The 1980s saw a tremendous amount of change in the Japanese automotive industry. Cars from Japan were some of the highest-quality automobiles available and as a result, the Japanese manufacturers considered moving into the luxury market with vehicles that did not just compete with American luxury but with the European luxury segment.
The first company to market was Honda with its Acura brand, and the first car offered was the Acura Legend, a full-size luxury sedan aimed squarely at the BMW 5 Series and Mercedes E Class.
The Pick of the Day is from the end of the first-generation Acura production run, a 1990 Acura Legend LS sedan.
Acura Legends were as well-built as other Hondas but larger in all dimensions while adding such niceties as leather interiors and climate control. The front-wheel-drive Legend was the first Honda car with a V6, a 2.5-liter engine with 151 horsepower and 154 pound-feet of torque that featured multiport fuel injection and four valves per cylinder. This might seem normal today but keep in mind that US manufacturers were still using carburetors and pushrod-actuated valves.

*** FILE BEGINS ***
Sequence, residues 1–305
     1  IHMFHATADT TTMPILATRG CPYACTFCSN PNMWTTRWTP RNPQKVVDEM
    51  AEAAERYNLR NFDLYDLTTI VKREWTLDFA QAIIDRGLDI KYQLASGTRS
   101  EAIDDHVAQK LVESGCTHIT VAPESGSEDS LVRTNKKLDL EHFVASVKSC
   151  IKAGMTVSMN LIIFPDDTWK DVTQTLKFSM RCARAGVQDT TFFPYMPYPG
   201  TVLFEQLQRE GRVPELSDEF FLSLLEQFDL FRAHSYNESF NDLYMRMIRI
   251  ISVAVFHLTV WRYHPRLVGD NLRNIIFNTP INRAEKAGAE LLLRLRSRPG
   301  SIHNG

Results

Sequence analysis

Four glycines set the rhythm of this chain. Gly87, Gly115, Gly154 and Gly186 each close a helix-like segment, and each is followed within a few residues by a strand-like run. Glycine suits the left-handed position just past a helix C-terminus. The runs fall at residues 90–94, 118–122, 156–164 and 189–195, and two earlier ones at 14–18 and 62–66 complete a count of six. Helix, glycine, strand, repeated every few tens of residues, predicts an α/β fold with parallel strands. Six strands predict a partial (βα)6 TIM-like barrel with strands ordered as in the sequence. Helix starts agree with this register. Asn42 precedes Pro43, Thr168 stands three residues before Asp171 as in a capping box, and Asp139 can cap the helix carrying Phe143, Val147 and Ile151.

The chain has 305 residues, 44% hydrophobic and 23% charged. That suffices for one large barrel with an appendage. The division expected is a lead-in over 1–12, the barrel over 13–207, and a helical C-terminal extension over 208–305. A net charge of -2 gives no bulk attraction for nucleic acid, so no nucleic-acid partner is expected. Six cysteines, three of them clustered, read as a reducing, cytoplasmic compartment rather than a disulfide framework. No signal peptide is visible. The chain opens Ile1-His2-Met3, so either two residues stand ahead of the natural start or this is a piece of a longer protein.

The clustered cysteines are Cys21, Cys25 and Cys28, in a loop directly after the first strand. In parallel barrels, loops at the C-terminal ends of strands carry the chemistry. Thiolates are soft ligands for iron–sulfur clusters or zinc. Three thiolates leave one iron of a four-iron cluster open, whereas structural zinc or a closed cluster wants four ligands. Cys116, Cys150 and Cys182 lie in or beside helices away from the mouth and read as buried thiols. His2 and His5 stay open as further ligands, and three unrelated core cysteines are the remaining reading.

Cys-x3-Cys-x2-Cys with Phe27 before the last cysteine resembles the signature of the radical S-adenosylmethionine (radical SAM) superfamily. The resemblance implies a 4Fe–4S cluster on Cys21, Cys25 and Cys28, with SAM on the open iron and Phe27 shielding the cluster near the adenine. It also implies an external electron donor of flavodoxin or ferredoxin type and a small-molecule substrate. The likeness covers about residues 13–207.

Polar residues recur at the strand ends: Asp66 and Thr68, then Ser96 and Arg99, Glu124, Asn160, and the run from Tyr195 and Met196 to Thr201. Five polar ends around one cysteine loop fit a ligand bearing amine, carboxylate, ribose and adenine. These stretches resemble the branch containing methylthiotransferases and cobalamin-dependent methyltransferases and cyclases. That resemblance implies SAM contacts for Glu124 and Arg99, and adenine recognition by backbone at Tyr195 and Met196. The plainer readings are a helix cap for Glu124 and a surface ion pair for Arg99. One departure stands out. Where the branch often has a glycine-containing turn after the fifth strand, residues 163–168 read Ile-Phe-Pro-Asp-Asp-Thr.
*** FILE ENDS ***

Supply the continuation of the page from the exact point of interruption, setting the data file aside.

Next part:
Also, at a time that suspensions in most cars were by MacPherson struts and beam rear axles for front-wheel-drive cars, the Legend took that up a notch with true four-wheel independent suspension featuring double wishbones up front and struts in the rear.
The Legend was very well-received, reviewers and buyers impressed with its fit and finish, and its well-thought-out ergonomics. The only major criticisms were for the Acura’s somewhat bland styling and less-than-engaging driving dynamics. Still, the Acura Legend was a very important car in the Japanese luxury segment as it paved the way for Lexus and Infiniti; it completely altered buyers’ expectations of Japanese cars.
According to the Kentwood, Michigan dealer offering this Acura on ClassicCars.com, it is a nice-driving Legend LS that has had only had two previous owners from new, and has accumulated just 89,000 miles. The sedan runs well with all features working as they should, the seller adds.
The previous owner had the timing belt replaced in 2018, the dealer notes, and the car is completely stock with the exception of a more-modern audio system.
Japanese cars from this era are rising in interest for collectors who attend such events as the Future Collectors Car Show and RadWood, as well as for those who want them just to drive and enjoy.
The asking price for this well-preserved Acura Legend is a modest $9,900, which represents a lot of classic Japanese luxury for the price.
To view this vehicle on ClassicCars.com, see Pick of the Day.